Tuesday, July 22, 2008

Inflation! 11.91%

Tuesday’s trust vote was not merely about who governs the nation for how long, but also about tackling something much larger: a daily cash flow that’s gone awry ever since the inflation rate climbed to 11.91 per cent, double of what it was less than four months ago.
Regardless of how it ended, the debate about the future of the UPA government in the Lok Sabha was as dignified a discussion as we can possibly get in a political environment of ‘single-digit’ parties leveraging their presence to extract their pounds of flesh. The economic stage was set with both Prime Minister Manmohan Singh and Leader of the Opposition L.K. Advani agreeing that the nuances of signing the Indo-US nuclear deal is a non-issue when inflation has hit — and threatens to stay — in double digits, eating into the very vitals of Indian households. So what about the Real McCoy: double-digit inflation?

Opinion in Hindustan Times, July 22, 2008

Sunday, July 20, 2008

No matter who wins, you lose

Whether the government stays or falls, be prepared for hard times. That’s the message from beleaguered Prime Minister Manmohan Singh.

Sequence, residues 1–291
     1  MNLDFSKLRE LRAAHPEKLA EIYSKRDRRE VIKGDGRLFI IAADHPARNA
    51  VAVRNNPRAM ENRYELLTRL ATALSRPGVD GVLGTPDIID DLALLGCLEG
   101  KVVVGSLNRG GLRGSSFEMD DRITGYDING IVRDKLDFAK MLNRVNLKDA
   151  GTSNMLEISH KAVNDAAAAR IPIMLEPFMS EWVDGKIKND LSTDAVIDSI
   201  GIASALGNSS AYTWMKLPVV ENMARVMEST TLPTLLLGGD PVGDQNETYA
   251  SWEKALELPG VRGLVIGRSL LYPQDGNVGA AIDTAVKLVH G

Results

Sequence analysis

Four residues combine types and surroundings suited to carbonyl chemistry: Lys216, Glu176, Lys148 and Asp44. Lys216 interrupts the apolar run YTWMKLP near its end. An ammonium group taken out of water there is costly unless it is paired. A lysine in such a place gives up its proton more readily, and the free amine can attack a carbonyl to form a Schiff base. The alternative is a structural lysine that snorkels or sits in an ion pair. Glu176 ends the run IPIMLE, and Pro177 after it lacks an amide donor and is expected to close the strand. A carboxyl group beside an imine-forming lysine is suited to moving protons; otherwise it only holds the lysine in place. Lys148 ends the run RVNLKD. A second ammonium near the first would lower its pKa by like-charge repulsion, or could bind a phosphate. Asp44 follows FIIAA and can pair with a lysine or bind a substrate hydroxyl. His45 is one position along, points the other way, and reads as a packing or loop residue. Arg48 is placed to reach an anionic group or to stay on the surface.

Singh believes a “non-issue” is occupying our minds at a time inflation is threatening to reduce living standards, a source, speaking on condition of anonymity on behalf of the PM, said on Saturday.
“This is possibly the biggest (inflationary) challenge since 1973,” said the source, referring to the days of the world’s first oil shocks: Indian inflation soared to about 30% and stayed there for over 18 months.

Opinion in Hindustan Times, July 20, 2008

Monday, July 7, 2008

Multi-armed with knowledge

When I see the cut-off percentages needed to get into any respectable college in Mumbai or Delhi today, I find myself cut off from all avenues of what we term ‘education’ and a traditional ‘career’.
With the marks I got in my Class 12 board exams, only a miracle got me a leg into a decent college through what the University of Delhi calls ‘Third cut-off list’. If I wanted to study my course (economics) today, I would have had to go to some other university as no college would give me admission based on my marks. if I wanted my college, the only course available to me with my marks would be Sanskrit.

Opinion in Hindustan Times, July 07, 2008